At the anchorage zones for prestressed members (whether pre-tensioned or post-tensioned), there are stress concentrations which can cause unusual stress patterns. There are three different methods for evaluating anchorage zones.
Approximate elastic design (empirical):
depth of bearing plate
depth of member
tension force in the ‘bursting’ zone
The resultant tensile force in the ‘spalling’ zone above the tendon is about (empirical)
Each tendon consists of diameter low-relaxation strands with , stressed to , mild reinforcement
Check the bearing stresses under the anchor plates:
Net bearing area of each plate:
, which is about
We can treat the two bearing plates as a single bearing plate with bearing area , and subjected to a tendon force of
In order to keep the stress in the reinforcement below , the minimum total stirrup area, required in the ‘bursting’ zone, is:
How many #3 stirrups is this?
We can use 16 stirrups, spaced at 3.5”, with the first stirrup at 12” from the end face.
In order to control ‘spalling’, we need to resist a tensile force of .
How many #4 bars is this?
(note that these could be straight bars as opposed to U-shaped stirrups)
We can conservatively use 4 bars.
Additional #3 bars will be used at the end face for confinement.
Importance of proper stirrup spacing in anchorage zones:
Linear Elastic Stress design:
Design the end anchorage reinforcement for the post-tensioned beam shown below, which spans
Distance of tendon (or centroid of tendons) from the bottom fiber:
Within the anchorage zone, the span to depth ratio is small enough, that we basically have something analogous to a beam of length shown below. Recall from statics, that the internal bending moment can be found from the ‘cutting’ method. This moment can be found from either the left FBD or the right FBD. In our case, our ‘beam’ can be thought of as resting flat on the ground and our FBD is to choose from are either top or bottom rather than left or right. We will choose bottom.
The concrete internal moment at the plane 4” from the bottom fibers:
The concrete internal moment at the plane 8” from the bottom fibers:
We’re using width since this is the average width between from the bottom fiber and from the bottom fiber.
The prestressing force moment at the plane from the bottom fibers is
The net moment is then
We can repeat this procedure throughout the height of the beam to obtain the maximum positive and negative moments.
[table] Moment plane distance ‘d’ from the bottom , Section width , Moment from tendon about the horizontal plane of interest , Moment from concrete about the horizontal plane of interest , Net moment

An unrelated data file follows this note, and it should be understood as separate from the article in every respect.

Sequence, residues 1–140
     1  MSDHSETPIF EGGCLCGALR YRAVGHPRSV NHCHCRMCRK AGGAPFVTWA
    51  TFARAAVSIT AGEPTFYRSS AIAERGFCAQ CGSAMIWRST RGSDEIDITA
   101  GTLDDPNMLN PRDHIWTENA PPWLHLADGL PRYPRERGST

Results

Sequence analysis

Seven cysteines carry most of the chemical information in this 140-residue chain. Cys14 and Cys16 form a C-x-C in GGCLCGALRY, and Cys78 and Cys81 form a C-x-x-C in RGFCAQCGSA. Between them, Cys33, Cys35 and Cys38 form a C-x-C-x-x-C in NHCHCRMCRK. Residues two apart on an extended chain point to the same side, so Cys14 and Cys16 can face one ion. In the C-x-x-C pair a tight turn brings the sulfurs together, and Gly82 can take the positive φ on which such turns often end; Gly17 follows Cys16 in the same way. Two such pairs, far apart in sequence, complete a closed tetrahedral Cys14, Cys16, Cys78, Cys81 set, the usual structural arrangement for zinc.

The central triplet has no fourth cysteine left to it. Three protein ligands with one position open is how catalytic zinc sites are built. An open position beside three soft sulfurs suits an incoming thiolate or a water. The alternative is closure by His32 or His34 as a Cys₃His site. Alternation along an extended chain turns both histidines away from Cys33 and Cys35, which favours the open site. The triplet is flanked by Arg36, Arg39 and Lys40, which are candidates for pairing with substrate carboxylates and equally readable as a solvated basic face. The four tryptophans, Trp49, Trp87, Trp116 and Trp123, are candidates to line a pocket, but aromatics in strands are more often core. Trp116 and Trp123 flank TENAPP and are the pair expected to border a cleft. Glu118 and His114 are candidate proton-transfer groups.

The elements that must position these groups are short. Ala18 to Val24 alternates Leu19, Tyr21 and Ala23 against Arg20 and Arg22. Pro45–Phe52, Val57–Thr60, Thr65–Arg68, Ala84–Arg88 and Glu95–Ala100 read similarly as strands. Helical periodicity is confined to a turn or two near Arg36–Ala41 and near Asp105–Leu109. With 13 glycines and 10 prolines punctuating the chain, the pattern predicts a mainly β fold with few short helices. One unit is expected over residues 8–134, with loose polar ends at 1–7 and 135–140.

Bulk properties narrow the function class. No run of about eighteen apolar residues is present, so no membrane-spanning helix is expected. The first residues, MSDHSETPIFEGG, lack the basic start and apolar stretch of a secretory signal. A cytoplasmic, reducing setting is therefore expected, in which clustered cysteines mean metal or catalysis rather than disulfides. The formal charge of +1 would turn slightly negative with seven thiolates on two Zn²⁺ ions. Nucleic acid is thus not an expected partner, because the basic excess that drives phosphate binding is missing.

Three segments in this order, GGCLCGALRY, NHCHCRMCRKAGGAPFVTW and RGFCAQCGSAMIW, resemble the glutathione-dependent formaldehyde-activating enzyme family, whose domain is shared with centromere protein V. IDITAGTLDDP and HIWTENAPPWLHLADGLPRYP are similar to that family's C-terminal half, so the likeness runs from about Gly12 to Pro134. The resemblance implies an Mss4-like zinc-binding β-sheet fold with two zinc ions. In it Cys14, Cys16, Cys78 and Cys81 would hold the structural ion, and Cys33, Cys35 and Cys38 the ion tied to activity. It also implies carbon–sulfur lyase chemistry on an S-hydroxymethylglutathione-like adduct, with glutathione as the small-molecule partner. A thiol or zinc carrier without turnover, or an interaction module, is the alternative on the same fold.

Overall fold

6.35, 13.3, 0, 0.75, 0.75
8, 10, -0.62, 1.12, 0.50
12, 6, -2.14, 2.25, 0.12
16, 6, -3.63, 3.54,-0.09
20, 6, -5.13, 4.94, -0.19
24, 6, -6.64, 6.44, -0.20
28, 6, -8.14, 7.99, -0.15
32, 6, -9.65, 9.61, -0.04
36, 18, -11.15, 11.13, -0.02
40, 18, -12.66, 12.66, 0[/table]
We can take to be here and conservatively ignore any resistance to tension from the concrete itself. It is important to note that this is very conservative and can also give the misleading impression that wider anchorage zones actually adversely effect anchor zone reinforcement, which we know not to be true.
Take (code allows )
where is the largest negative moment
Stirrups can then be proportioned as appropriate
Each tendon consists of diameter low-relaxation strands, stressed to , where
Post-tensioned anchorage zones must be designed to withstand the ultimate tensile force of the tendons:
For each tendon:
(4 strands per tendon)
Net bearing area of each plate:
where is the force from one tendon
Permissible nodal stress limit:
Outside of the immediate bearing region, the compressive stress can be idealized as uniform:
This results in a compressive force of , in each flange, and in the web
The total bearing plate height is in fact , but the holes are not necessarily drilled in the center of each plate.
[table] Member, CD = EF, DE, GH
Force in kips, 127.6, 173.9, 39.4 [/table]
If #4 stirrups are used , each stirrup has a factored tensile resistance of
since governs, stirrups
Use 9 – #4 stirrups, space at
We need stirrups at the end face to control spalling cracks
Recall that can be taken as the spalling force:
The 21.6 kip capacity of a #4 stirrup exceeds this
We can use straight #4 bars placed transversely in each flange to resist the force
stirrups (note the bar force was not doubled this time, since these are NOT stirrups)
Use 4- #4 bars spaced at in each flange